The federal government is launching public consultations to renew its assisted dying law, with an eye to tabling legislation in the spring to loosen some of the rules governing the practice across Canada.
The Quebec Superior Court forced the government to amend the federal law last September by striking down a portion that limited access to terminally ill patients whose natural deaths were deemed to be “reasonably foreseeable.”
Starting on Monday, Justice Minister David Lametti and Health Minister Patty Hajdu will attend round tables with experts and oversee an online consultation with Canadians on the best way to amend the law. They will also engage with opposition parties, whose support will be essential to adopting new legislation in a minority Parliament, as well as provincial and territorial governments.
In an interview, Mr. Lametti said the government could adopt a two-step process to modernize the legislation. The first portion would be responding to the Quebec ruling and addressing issues on which there is a broad agreement, to be followed by a mandatory review of the legislation in June by a parliamentary committee.
“What we have to do, as a matter of law and commitment, is to conform to the [Quebec Superior Court ruling],” he said, adding the parliamentary review later this year could be useful to deal with “issues where there is less consensus.”
Over all, Ottawa is looking to address three contentious issues: cases in which mental illness is the sole reason for requesting an assisted death; cases in which patients want to make an advance, written request for assisted death before they lose the capacity to consent; and cases involving patients under the age of 18 who are deemed capable of making their own medical decisions.
Four months ago, Quebec Superior Court Justice Christine Baudouin said the law was unconstitutional because it forced two Quebeckers with incurable conditions – Jean Truchon and Nicole Gladu – to keep living in great pain. Justice Baudouin gave Ottawa until March to amend the law.
The federal government is expected to table legislation before the deadline, but could ask the court for an extension to allow its adoption by Parliament.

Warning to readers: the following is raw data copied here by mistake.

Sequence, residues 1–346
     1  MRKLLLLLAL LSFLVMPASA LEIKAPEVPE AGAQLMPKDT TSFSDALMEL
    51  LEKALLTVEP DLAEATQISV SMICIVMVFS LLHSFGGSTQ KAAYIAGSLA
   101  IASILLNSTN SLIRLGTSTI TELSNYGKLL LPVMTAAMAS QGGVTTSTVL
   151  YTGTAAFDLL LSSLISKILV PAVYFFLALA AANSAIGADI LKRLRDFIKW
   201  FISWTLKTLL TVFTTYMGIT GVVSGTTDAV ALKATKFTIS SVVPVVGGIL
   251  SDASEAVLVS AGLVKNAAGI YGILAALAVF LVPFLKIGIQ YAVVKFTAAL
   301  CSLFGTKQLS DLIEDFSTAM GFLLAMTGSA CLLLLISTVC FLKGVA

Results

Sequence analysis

The inclusion of the “reasonably foreseeable” requirement by the Liberal government prompted much criticism in 2016, with legal experts warning it was out of step with the Supreme Court of Canada ruling that paved the way for medically assisted dying.
A professor of law at McGill University before he entered politics, Mr. Lametti voted against the legislation in 2016, stating at the time he felt it was “at serious risk of being found to be unconstitutional.”
During the most recent election campaign, the Liberals promised to abide by the ruling of the Quebec Superior Court.
James Cowan, the chair of Dying With Dignity Canada, said he agrees with a two-step process to review the law. Still, he hopes the government will quickly address the issue raised by Audrey Parker, a Halifax woman who received an assisted death earlier than she would have liked in 2018 because she feared her cancer would prevent her from providing “late-stage consent” on the day of her death.
“We would like to see what we refer to as ‘Audrey’s amendment’ [to deal] with somebody who has been assessed and approved but is fearful they might lose capacity before the date they would like to receive medically assisted death,” said Mr. Cowan, who will participate in a round table in Halifax on Monday.
Pauline Tardif, chief executive officer of the Alzheimer Society of Canada, said there is a “sense of urgency” for the government to engage with Canadians on the possibility of allowing dementia patients to make advance requests for the procedure.
Still, she urged the government to “take the necessary time to reflect” on the results of its consultations before amending the law. “It’s a delicate balance,” said Ms. Tardif, who will attend a round table in Toronto on Wednesday.
Sandy Buchman, president of the Canadian Medical Association, says he hopes the process will ultimately provide “clarity" as to when it is appropriate for members of the medical profession to raise and discuss assisted death with patients.